1. Get all the free decks, then (or in the process) decide what deck you want to build.
  2. Buy packs that may contain the cards you need. This also gets you wildcards, your main means of getting specific cards.
  3. Once you have a deck you’re fine getting 4+ daily wins with, you may opt to play drafts over buying more packs.

For Gold, other spending options are not enticing for a new player. Constructed events (Standard and Historic) are highly competitive and unlikely to benefit you without a competitive deck, and cosmetics do not enhance your collection.

For Gems, you also can buy the Mastery Pass (known as Battle Pass in other games). The Pass is almost always good value for a starting collection, assuming you can advance enough before the next Standard set release (7.5 to 9 levels per week given you don’t miss daily quests). It’s also better if you play both Constructed and drafts. You don’t have to complete the mastery for the Pass to be worth buying, and you can wait till you are sure. The Pass rewards you with packs, individual cards, a free draft entry, Gold, cosmetics, and brings some Gems back. You can find out how far you might reach in the Mastery Pass using our calculator tool:

In addition, keep an eye out on Daily Deals offered in the Store (renew 15:00 UTC). They are mostly “discounted” cosmetics, but occasionally a pack with a small discount is offered, and once in a while you can buy Gold for less Gold or Gems for less Gems (or a bit of Gold).

How to get cards? A brief overview

MTG Arena Booster Packs

Usually Booster Packs are bought on the Store tab or received as rewards and opening them also helps towards getting guaranteed wildcards. One pack costs 1000 Gold or 200 Gems (3 packs for 600 Gems is the minimum though). Each pack contain 8 cards with 5 Commons, 2 Uncommons, and 1 Mythic/Rare.

Each Mythic Booster always has a Mythic Rare in the Rare slot, unless it’s replaced with a Rare Wildcard. It costs 1,300 Gold or 260 Gems each or a bundle of 10 packs for 13,000 Gold or 2,600 Gems. These packs are generally only for players that have a complete set of Rare cards in their corresponding set and wish to get Mythics instead. They are available for sets from Zendikar Rising onwards.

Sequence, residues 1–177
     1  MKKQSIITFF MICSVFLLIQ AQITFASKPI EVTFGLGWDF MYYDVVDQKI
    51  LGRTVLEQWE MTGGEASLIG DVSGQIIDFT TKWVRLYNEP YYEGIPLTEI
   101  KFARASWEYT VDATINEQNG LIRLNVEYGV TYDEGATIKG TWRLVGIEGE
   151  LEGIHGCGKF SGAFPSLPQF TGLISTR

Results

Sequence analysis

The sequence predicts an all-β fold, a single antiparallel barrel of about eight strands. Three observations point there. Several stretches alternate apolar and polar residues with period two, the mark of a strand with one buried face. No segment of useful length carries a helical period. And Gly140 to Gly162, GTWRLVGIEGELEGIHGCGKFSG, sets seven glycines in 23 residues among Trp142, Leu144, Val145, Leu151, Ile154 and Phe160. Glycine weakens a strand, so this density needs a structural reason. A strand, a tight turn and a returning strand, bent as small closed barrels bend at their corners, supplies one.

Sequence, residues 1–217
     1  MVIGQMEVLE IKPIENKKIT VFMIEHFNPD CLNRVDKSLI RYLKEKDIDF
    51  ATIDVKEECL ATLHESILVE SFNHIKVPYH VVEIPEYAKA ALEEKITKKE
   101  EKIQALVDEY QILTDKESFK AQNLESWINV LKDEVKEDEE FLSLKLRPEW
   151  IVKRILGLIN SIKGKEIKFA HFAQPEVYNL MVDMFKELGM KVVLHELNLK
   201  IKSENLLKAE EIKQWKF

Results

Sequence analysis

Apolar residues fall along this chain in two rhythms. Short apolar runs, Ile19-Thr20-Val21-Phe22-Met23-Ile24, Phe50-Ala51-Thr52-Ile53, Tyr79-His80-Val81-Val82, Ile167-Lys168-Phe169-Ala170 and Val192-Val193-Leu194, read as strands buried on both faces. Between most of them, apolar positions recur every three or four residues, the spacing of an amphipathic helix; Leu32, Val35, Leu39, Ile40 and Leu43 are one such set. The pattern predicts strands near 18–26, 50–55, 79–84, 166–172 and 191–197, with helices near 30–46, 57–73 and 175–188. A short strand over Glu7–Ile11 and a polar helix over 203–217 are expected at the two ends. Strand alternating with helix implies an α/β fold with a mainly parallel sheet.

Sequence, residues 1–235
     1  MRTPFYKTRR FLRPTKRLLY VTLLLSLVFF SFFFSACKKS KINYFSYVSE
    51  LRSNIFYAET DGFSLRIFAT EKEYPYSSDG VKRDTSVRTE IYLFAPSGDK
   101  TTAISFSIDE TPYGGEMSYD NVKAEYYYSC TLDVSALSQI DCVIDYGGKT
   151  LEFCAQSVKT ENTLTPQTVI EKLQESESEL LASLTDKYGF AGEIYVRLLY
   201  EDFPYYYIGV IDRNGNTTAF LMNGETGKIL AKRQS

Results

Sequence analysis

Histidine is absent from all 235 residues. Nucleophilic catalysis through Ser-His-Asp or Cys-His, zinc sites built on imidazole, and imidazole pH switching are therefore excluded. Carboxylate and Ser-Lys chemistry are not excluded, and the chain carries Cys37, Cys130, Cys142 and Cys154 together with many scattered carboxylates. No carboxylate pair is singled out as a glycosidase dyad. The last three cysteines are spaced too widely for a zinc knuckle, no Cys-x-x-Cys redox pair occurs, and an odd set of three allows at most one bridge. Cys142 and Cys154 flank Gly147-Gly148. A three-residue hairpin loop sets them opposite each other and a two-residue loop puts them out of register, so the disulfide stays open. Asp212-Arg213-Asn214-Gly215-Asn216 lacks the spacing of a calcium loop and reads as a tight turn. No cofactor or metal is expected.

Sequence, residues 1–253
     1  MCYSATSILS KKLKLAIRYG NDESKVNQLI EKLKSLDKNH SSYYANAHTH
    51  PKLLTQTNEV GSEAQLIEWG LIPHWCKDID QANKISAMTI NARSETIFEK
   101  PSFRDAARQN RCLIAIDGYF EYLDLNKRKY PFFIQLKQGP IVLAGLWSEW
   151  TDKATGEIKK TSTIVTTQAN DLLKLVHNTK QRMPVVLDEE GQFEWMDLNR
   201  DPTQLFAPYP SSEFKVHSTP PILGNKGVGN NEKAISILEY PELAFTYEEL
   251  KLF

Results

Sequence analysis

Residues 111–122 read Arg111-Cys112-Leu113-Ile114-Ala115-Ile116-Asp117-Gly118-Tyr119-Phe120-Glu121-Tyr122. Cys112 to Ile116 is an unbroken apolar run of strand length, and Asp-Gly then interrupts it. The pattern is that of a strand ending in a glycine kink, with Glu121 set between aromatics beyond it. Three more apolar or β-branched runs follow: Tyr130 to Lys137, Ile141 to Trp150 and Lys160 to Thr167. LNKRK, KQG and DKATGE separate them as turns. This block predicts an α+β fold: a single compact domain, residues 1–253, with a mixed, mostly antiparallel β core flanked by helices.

Each Alchemy booster contains Uncommon, Rare, and Mythic Rare cards from the Alchemy set and Common cards from the related base set. Once you have collected a playset of all of the Rare cards in the Alchemy set, the Rare slot will pull from your uncollected Rares from the base set. The same is also true for Mythic Rares.

Draft, Sealed, Jumpstart, and Jump In

All the cards opened in a Sealed or a Jumpstart event, and all the cards picked in a Draft are added to your collection. If an event is marked “Phantom”, then cards are not added to the collection. These are usually associated with free events such as Midweek Magic or competitive events such as the Arena Open.

A Limited booster pack (used in Sealed and Drafts) contains 1 Rare or Mythic Rare card, 3 Uncommons, and 10 Commons. There’s also a dedicated “land slot” that, depending on a set, may always contain a basic land, always contain a common nonbasic land, or a mix. In the first case, since basic lands on Arena are free, a Limited pack will have 14 cards, and otherwise 15.

The Jump In! event is one of the most cost effective ways of collecting Standard and Alchemy cards for beginners. You can target the cards you want better and the cards offered in the event are usually constructed playable as well. The event is perpetually running and is regularly updated with each set. You can find the complete list of packs and the rares and mythics it contains in our guide below:


Wildcards are your main way of obtaining specific cards. Wildcards differ by rarity just like Magic cards, and can be exchanged 1:1 for cards of the same rarity (that is also referred to as “crafting”). You can craft cards that you have no copies of; click Craft in the top right when in the Collection, or choose “Not Collected” filter and craft there directly or by adding cards to your deck and using “Craft All” button.

Wildcards are scarce. In the long run there’s usually no shortage of Common and Uncommon wildcards, but Rare ones are often a bottleneck. Don’t craft separate cards, craft with a deck mind, and don’t craft cards that you are not going to play immediately.